Flight 20 took off at 20:29 EST on December 21, 2015 (01:29 UTC on December 22, 2015). About 9 minutes and 45 seconds later, the first stage landed vertically on the pad.[45][59][65]

SpaceX did not fly the Falcon 9 flight 20 first stage again.[66] Rather, the rocket was inspected and moved back to the launch pad a few miles north to perform a static fire test. After the hot fire test, the vehicle was evaluated in detail by SpaceX to assess capabilities for reflight of the launch vehicle design after future landings.

On December 31, SpaceX announced that no damage had been found on the stage and that it was ready to fire again.[67][68] On January 15, 2016, SpaceX conducted the static fire test on the recovered booster and reported a good overall outcome, except for some thrust fluctuations in one of the outer engines (engine 9). Elon Musk reported that this may have been due to debris ingestion.[69]

This booster has been on display outside of SpaceX headquarters in Hawthorne, California since August 20, 2016.

Flight 21[edit]

Flight 21, the final launch of a Falcon 9 v1.1, carried the Jason 3 payload. At one point this was the first possible opportunity for an attempt to land the first stage on land,[70] but the launches were reordered following the loss of Falcon 9 flight 19 in June 2015. Jason-3 was successfully launched on January 17, 2016, and while the first stage managed to slow down towards a soft landing, the lockout collet on one of the landing legs did not latch correctly, which caused the rocket to fall over and explode after touching down.[71][72] Elon Musk noted that ice buildup on the collet from the high-humidity launch conditions may have led to the failure of the latch.[73][74]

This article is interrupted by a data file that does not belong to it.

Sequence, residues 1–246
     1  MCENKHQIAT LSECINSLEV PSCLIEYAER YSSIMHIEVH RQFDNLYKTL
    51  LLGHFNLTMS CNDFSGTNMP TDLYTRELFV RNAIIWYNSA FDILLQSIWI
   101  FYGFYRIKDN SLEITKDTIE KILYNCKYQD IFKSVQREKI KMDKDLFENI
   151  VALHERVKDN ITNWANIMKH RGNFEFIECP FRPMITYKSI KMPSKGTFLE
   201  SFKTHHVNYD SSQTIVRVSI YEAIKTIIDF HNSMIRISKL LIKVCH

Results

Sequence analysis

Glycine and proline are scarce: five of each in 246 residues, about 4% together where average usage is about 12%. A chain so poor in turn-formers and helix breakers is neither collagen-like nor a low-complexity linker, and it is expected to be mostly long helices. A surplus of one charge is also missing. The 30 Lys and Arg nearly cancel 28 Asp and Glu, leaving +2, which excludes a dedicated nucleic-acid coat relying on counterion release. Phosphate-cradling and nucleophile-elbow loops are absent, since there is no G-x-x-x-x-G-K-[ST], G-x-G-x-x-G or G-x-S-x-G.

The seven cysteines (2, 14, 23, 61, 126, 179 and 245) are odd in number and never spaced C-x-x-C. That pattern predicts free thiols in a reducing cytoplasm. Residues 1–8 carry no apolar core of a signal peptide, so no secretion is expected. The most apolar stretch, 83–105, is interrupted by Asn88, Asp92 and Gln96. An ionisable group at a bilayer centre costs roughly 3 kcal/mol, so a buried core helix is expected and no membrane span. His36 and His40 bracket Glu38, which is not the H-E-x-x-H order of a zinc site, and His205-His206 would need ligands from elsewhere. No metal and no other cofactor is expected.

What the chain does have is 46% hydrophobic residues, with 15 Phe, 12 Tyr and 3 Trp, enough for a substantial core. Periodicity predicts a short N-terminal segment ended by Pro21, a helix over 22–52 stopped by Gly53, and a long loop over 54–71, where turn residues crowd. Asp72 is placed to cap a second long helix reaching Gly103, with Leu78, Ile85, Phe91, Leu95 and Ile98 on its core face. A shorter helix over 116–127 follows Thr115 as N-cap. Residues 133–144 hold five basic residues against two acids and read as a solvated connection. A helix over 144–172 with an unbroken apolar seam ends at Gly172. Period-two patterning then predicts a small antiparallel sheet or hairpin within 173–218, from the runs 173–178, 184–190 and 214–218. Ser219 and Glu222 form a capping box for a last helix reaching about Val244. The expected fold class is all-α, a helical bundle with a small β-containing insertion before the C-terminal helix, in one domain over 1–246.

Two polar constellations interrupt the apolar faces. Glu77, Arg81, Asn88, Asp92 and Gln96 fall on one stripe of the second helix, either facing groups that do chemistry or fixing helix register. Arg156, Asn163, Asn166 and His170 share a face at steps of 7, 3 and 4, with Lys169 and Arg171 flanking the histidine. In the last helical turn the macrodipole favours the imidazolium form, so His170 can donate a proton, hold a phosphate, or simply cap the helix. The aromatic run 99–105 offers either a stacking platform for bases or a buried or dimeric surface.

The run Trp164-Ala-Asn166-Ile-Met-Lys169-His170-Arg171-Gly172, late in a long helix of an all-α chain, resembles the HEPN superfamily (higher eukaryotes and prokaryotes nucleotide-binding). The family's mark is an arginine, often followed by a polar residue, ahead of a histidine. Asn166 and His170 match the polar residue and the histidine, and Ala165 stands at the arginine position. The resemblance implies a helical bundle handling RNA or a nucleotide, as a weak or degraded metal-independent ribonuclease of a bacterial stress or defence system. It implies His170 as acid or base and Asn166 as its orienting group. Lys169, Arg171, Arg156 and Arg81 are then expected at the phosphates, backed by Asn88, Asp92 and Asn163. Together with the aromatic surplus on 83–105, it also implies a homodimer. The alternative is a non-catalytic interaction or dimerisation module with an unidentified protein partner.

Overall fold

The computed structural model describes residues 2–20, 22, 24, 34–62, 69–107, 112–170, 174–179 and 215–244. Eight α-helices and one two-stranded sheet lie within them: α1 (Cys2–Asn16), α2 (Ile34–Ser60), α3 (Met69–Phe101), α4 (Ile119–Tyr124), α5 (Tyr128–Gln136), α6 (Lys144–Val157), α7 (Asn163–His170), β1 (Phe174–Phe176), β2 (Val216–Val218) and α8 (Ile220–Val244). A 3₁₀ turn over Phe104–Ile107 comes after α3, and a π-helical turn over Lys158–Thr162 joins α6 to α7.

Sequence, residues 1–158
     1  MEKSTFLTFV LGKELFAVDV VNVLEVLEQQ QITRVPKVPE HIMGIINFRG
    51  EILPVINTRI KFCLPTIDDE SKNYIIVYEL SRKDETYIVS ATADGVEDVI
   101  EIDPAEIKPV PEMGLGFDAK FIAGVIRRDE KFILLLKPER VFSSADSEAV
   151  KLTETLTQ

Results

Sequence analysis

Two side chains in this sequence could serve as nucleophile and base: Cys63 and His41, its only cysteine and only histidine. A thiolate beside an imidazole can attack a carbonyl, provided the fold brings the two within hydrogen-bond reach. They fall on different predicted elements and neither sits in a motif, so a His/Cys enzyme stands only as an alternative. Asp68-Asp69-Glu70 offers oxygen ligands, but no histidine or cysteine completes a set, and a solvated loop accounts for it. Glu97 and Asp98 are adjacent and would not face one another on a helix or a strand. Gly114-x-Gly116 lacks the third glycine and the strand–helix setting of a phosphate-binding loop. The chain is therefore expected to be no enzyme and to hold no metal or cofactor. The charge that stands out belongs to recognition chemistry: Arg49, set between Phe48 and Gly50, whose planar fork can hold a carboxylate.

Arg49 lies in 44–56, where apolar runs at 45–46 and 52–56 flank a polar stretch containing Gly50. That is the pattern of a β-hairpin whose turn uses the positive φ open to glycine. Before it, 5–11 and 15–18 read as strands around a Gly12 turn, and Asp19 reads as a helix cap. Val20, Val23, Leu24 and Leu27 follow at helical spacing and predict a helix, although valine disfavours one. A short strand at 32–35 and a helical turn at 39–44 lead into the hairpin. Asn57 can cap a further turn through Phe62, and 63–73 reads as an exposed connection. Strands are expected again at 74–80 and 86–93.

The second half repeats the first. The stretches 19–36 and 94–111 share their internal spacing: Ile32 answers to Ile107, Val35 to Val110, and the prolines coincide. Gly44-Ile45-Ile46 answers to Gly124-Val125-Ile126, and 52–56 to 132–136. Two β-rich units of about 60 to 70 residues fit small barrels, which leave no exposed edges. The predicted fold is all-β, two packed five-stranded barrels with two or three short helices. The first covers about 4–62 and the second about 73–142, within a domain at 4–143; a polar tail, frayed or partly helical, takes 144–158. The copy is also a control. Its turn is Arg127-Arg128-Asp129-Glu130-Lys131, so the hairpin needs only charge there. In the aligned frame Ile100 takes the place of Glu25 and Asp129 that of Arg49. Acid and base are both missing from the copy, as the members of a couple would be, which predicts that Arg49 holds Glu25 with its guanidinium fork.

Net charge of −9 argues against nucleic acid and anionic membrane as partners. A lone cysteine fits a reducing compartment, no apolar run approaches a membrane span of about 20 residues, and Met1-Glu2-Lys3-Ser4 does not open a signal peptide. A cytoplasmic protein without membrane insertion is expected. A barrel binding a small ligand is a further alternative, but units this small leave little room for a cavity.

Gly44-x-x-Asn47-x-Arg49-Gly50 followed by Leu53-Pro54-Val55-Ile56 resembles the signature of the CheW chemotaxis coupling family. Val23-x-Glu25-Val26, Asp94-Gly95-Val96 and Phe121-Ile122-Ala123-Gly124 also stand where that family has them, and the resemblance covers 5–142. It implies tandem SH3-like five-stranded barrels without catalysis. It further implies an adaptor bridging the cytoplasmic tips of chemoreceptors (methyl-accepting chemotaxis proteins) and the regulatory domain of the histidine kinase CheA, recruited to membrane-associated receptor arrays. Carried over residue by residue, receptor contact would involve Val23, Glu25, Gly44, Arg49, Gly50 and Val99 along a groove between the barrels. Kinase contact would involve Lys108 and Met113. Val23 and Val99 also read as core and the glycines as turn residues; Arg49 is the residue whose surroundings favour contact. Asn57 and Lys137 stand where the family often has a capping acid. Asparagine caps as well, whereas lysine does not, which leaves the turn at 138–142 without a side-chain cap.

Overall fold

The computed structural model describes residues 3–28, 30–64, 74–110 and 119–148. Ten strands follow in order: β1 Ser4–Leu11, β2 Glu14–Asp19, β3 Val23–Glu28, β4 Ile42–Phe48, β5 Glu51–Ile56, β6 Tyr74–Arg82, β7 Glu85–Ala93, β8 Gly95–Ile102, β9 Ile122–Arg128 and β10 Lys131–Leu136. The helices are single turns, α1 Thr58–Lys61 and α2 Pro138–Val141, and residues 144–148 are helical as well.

Flight 22[edit]

On March 4, 2016, Falcon 9 flight 22 launched the 5,271 kg (11,620 lb) heavy SES-9 communications satellite,[75][76] the rocket's largest payload yet targeting a highly-energetic geosynchronous transfer orbit (GTO). Consequently, the Falcon 9 first stage followed a ballistic trajectory after separation and re-entered the atmosphere at high velocity with very little fuel to mitigate potential aerodynamic damage.

Therefore, SpaceX did not expect to successfully land its Falcon 9 booster on its sea barge, the Of Course I Still Love You, positioned in the Atlantic Ocean. Elon Musk confirmed in a tweet that the landing attempt had failed.[77][78]

Flight 23: first landing on a drone ship[edit]

On April 8, 2016, Falcon 9 flight 23, the third flight of the full-thrust version, delivered the SpaceX CRS-8 cargo on its way to the International Space Station while the first stage conducted a boostback and re-entry maneuver over the Atlantic Ocean. Nine minutes after liftoff, the booster landed vertically on the drone ship Of Course I Still Love You, 300 km (190 mi) from the Florida coastline, achieving a long-sought-after milestone for the SpaceX reusability development program.[44]

This stage, serial number B1021, was refurbished and flown again in March 2017 for the SES-10 mission, setting another milestone in the development of reusable rockets.

Flight 24: first return from GTO mission[edit]